Celebrating America’s Birthday
Avery Fisher Hall
07/02/2011 - and July 4, 5, 2011
Instrumental pieces by Cole Porter, Richard Rogers, Frederick Loewe, George Gershwin, Brian Dix, Aaron Copland, Leroy Anderson, Jules Styne, and John Philip Sousa
United States Drum and Bugle Corps, Brian Dix (Director and Commanding Officer), New York Philharmonic, Bramwell Tovey (Conductor)
U.S. Drum and Bugle Corps (© Andrew Linden)
The stage of Avery Fisher Hall was awash in red light for the first half of this concert. After the intermission, blue and white were added to the color scheme – in keeping with the holiday spirit. As Commander Dix informed the audience, “The marines have landed.” And so they did, immaculately attired in red and white with brass instruments buffed to a gleaming shine. As were their shoes. Our host for the evening, the charming and witty Bramwell Tovey, confessed to a bit of embarrassment at the state of his own footwear. But as far as the music was concerned, Tovey could not have been more polished.
He was in his element in the first section of the evening’s program – a marvelous medley of songs from America’s gift to the world, the Broadway musical. The sweep, the ebullience, the charm, the vibrancy were all there, with particularly fine playing by the strings. I had been very curious about the second selection – George Gershwin’s Catfish Row: Symphonic Suite in Five Parts. After the premiere of his opera, Porgy and Bess, and while it was still being staged on Broadway, Gershwin assembled this suite, drawing upon the opera’s instrumental sections. The work acquired its title from Gershwin’s brother, Ira, almost 20 years after the composer’s death. It was fascinating to hear the familiar infectious jazz rhythms and beautiful melodic lines (featuring the splendid solo playing of violinist, Michelle Kim) divorced from the context of an operatic performance. Another highlight was the star turn on the “honky tonk piano” – an upright instrument which looked as if it had seen better days. Our pianist was Bramwell Tovey himself in an assured and richly idiomatic performance, both he and the audience clearly relished.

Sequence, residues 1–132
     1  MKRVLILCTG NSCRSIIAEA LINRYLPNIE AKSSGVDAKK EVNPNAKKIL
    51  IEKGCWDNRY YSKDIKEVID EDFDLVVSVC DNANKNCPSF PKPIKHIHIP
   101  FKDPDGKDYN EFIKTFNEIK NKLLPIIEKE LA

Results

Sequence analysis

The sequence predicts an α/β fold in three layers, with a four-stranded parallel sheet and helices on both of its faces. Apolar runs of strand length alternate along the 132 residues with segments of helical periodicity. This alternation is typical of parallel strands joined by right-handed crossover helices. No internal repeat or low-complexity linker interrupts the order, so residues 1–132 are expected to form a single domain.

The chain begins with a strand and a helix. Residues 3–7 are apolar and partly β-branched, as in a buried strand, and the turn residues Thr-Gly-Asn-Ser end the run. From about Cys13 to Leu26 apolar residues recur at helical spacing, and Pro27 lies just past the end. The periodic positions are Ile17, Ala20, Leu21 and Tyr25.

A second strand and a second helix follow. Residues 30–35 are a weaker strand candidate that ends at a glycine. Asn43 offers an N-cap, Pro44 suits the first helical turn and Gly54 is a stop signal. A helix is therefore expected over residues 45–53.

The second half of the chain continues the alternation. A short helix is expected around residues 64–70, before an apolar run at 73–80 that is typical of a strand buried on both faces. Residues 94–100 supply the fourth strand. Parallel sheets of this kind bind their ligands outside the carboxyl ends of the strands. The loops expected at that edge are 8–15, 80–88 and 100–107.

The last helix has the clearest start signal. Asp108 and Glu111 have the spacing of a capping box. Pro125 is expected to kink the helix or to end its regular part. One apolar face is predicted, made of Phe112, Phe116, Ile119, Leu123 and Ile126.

The second half of the concert featured the Drum and Bugle Corps in selections by Commander Dix and well as Copeland, Anderson and Styne. But the highlight was surely Sousa’s Semper Fidelis, played with precision and extraordinary verve. Tovey and the Philharmonic musicians returned to the stage – along with their chairs, music stands and music via a complex bit of logistics -- for an exciting version of Sousa’s The Washington Post. Then Commander Dix conducted a medley of songs of the various branches of the military service, asking those in the audience who had served their country or who had loved ones currently in service to stand. The audience acknowledged them with great applause and grateful thanks.
Arlene Judith Klotzko